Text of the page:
• Plank variations

Don’t be afraid of building muscle. You will not get “bulky” or “big” (this requires an entirely different approach to food and eating), instead you will get leaner, more toned, shrink your waist and build a round, nicely shaped bum. This phase should last for 4 to 6 weeks.

HIIT Phase

The goal of high intensity interval training is to increase your work capacity and burn a lot of calories. This phase will typically only last 4 weeks (any longer and you may find yourself tired and burnt out), has little to no rest between sets, uses lighter weights, and the workouts themselves are usually shorter.

Why can’t you always be in a HIIT phase? In this phase people tend to see real results for the first time, and then get sucked into the trap of always being in a HIIT phase. On top of the burn out and potential injury that I already mentioned, the HIIT phase won’t cause the body changes you see on your own, and will eventually cause you to lose the muscle you worked so hard to gain in hypertrophy. The hypertrophy phase that came before is what made you fit enough to handle the intensity of HIIT workouts, and it also built the muscle that boosts your metabolism to make the HIIT workouts more effective fat-burners.

Here are some links to some at-home HIIT workouts:

  • HIIT workout one
  • Low impact HIIT workout
  • HIIT workout two
  • HIIT workouts can be increased in intensity by adding both weight and sets or length.

Strength Phase

Strength workouts are certainly the most different, and the most advanced of all of the workout phases. The purpose of these is to get stronger so that when you move back into your next hypertrophy phase, you can use heavier weights, as well as to increase and improve the connections between your brain and your muscles.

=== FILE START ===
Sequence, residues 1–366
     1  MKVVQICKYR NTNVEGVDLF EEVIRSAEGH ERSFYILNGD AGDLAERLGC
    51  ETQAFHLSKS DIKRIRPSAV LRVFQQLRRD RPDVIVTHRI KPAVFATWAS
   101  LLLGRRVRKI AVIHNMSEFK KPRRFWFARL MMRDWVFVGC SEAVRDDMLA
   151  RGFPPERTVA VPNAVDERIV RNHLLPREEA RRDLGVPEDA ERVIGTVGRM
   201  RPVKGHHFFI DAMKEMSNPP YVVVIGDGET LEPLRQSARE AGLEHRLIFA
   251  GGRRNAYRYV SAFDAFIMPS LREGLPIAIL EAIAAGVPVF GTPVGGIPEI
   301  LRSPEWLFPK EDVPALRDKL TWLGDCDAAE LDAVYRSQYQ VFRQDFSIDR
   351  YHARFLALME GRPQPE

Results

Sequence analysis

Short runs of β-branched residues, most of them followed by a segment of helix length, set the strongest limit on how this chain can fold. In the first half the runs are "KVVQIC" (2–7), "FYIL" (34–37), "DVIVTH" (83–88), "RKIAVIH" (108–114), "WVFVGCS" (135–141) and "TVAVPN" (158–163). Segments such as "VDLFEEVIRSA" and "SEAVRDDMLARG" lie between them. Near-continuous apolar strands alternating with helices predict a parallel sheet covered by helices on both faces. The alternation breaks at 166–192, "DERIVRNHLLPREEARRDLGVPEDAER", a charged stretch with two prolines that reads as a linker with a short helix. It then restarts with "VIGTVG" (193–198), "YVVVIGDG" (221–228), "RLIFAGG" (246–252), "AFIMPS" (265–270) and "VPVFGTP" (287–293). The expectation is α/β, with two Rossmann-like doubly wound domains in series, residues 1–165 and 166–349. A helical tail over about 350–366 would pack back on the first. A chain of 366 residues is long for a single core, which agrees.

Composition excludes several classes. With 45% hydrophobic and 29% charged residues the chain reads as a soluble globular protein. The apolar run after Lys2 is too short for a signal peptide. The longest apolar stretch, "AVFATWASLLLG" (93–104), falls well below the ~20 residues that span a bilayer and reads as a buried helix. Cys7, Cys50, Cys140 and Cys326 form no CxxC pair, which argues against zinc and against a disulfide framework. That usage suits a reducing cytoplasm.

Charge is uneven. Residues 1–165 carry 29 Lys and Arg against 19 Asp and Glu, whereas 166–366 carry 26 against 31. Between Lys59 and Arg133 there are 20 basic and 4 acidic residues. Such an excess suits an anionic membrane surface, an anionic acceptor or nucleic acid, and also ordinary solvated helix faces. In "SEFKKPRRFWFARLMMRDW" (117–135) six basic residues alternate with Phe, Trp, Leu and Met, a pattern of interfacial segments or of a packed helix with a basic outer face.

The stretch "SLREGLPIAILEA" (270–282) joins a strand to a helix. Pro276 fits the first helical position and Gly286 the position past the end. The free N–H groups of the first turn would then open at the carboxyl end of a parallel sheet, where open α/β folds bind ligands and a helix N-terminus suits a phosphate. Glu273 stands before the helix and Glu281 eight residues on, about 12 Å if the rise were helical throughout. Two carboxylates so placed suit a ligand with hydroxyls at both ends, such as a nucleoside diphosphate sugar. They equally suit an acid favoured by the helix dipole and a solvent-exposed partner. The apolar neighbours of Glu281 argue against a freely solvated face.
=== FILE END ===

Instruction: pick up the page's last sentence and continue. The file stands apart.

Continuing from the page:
Strength phase workouts involve lifting much heavier weights, for less reps, with a lot of rest in between sets. You need longer rest because your central nervous system needs more time to recover than your muscles do.

While many of the larger, more full-body movements from previous phases (squats, split squats, romanian deadlifts, rows, and chest press) are still applicable here, other movements to add in could be:

  • Full deadlifts (not good for people with back problems or poor hip mobility)
  • Glute-ham raises
  • Lat pulldowns
  • Benchpress
  • Pullups and chinups

Rep ranges for a strength routine are usually around 3-5, or to failure (meaning you wanted to do 3 but could only do 2), and you should be resting for two to three minutes between sets.

The Importance of Phasing

Each phase works the body differently, prevents you from plateauing in your weightloss journey, and helps to make your next phase more effective. This is why you should always be rotating between them. After you’ve gone through a full cycle of Prep (4-8 weeks), Hypertrophy (4-6 weeks), HIIT (6 weeks), and Strength (4-6 weeks) phases, your phasing should be as follows:

Hypertrophy -> Strength -> HIIT -> Strength -> Hypertrophy -> Strength -> HIIT… and so on.

This way, you will be switching back and forth between phases that focus on muscular adaptation (hypertrophy and HIIT) and nervous system adaptation (strength), so that you will not plateau.

The Bottom Line

Exercising and getting moving, no matter what you are doing, is better than sitting on the couch. There is a place in every workout routine for both strength training and cardio training, and both are an important part of fitness and health. You fear the weight room, as they will not make you bulky, but rather help you to lose fat faster and more efficiently.

Disclaimer: Always consult your physician before starting a new workout routine. If you are at all unsure about an exercise, ask for help to avoid injury.